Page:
More information about this project can be found here:  http://community.ucsf.edu/pdf/Parnassus_Campus_Temporary_Microcellular_Sites_Questions_and_Answers.pdf .

If you have further questions about this project, please contact me at dlew@cgr.ucsf.edu or (415) 514-2651.

Christopher Crestmont Cleaned Up

A few days ago, I posted (here and here) about UCSF cleaning up the brush along Christopher and Crestmont. Over the last couple of days, I’ve been walking around and talking to people who live near there. It’s looking good.

They did a pretty neat job of trimming back the bushes that were overhanging the pavement, so it’s easier for cars to park without blocking the roadway. Some of the overhanging branches have been trimmed back too, and it’s all been nicely and professionally done so it actually looks good rather than raw and nasty. They’ve been careful to preserve plants that people had put in or nurtured along the road edge.

They actually felled and removed two hazardous trees along Crestmont. Any others presumably must await the full hazardous tree report.

And as a bonus, this old prickly-pear cactus appeared, apparently thriving under all the acacia! (You may need to click on the picture to embiggen it to actually see the cactus.)

Thanks, UCSF; and thanks, Forest Knolls Neighborhood Organization, which has been working to make this happen.

Separately, I’m not sure where the dispute with the city stands on who has responsibility for hazardous trees. The map below shows the issue: The purple line (I think) shows the UCSF boundary. (This map – made in Year 2000 -is based on an excerpt from the EDAW report done for UCSF. The colors just show in which direction bits of the mountain face…blue is north, red is west, yellow is south, and green is east.)

According to this map, the UCSF Open Space Reserve boundary is not exactly aligned to the roads. There’s a space between the road and the reserve. And that’s where some of the trees are that people are worried about. Of course, if the map is accurate, then one crucial area is fairly obviously UCSF’s: where Crestmont makes a sharp turn from North to East.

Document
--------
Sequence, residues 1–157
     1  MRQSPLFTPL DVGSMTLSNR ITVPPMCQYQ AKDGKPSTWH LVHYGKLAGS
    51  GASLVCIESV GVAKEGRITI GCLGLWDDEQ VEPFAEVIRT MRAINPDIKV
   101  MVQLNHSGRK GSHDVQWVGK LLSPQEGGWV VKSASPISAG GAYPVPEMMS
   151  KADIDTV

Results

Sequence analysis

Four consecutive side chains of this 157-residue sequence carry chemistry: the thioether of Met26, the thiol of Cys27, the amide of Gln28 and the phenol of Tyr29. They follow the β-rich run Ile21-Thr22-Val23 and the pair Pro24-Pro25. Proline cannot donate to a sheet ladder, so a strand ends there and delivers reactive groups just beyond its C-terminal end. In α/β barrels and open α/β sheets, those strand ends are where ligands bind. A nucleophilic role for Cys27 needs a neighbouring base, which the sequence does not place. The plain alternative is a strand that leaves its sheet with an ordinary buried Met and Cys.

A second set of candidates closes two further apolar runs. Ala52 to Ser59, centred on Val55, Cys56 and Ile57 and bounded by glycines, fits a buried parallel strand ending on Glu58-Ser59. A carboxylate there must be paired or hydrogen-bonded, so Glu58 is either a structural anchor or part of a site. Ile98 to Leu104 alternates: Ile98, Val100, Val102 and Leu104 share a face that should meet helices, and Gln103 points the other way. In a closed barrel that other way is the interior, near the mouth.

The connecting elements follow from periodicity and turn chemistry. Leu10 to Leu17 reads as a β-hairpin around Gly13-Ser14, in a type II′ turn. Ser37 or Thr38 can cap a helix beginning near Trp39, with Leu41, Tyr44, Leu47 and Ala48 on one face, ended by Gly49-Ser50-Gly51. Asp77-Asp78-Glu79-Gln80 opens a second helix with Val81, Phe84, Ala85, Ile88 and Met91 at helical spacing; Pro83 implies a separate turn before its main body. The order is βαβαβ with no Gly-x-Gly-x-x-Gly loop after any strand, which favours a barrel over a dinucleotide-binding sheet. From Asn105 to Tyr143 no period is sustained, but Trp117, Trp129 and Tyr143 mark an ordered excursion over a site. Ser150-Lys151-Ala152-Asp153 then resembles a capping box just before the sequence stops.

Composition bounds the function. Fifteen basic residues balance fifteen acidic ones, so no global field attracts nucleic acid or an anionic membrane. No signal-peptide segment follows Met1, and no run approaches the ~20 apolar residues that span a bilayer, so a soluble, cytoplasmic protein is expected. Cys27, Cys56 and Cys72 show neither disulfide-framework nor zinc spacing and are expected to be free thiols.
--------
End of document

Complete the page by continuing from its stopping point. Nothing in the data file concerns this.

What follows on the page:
Crestmont Clean-up: Not the trees?

It’s a bit like the Prop 8 thing: Hurry up and wait.

It looks like I jumped the gun when I posted that UCSF was doing something about the hazardous trees. I’d written to UCSF to ask if they’d pulled permits to deal with the hazardous trees on Crestmont — from Devonshire to the cul-de-sac, and especially around the area where the road turns from west to north.  (City permits are needed to remove any tree over 20 feet tall if it’s within ten feet of a public right-of-way.)

Nope. That may be happening later. Here’s the response from UCSF’s Damon Lew:

The work that is beginning this week will focus on overgrowth and removal of hazardous ground material and not the removal of hazardous trees.

The trees you mention may have been identified in a recent hazardous tree survey that was done for the Facilities Management (FM) Dept.   The work that will be done once the tree hazard survey is received by UCSF will not take place until later this year.

So I guess right now it’s precisely what they said: Mowing down vegetation for 2 feet from the roadway, including overhanging shrubs. (This may take care of some overhanging trees, actually; we’ll find out.)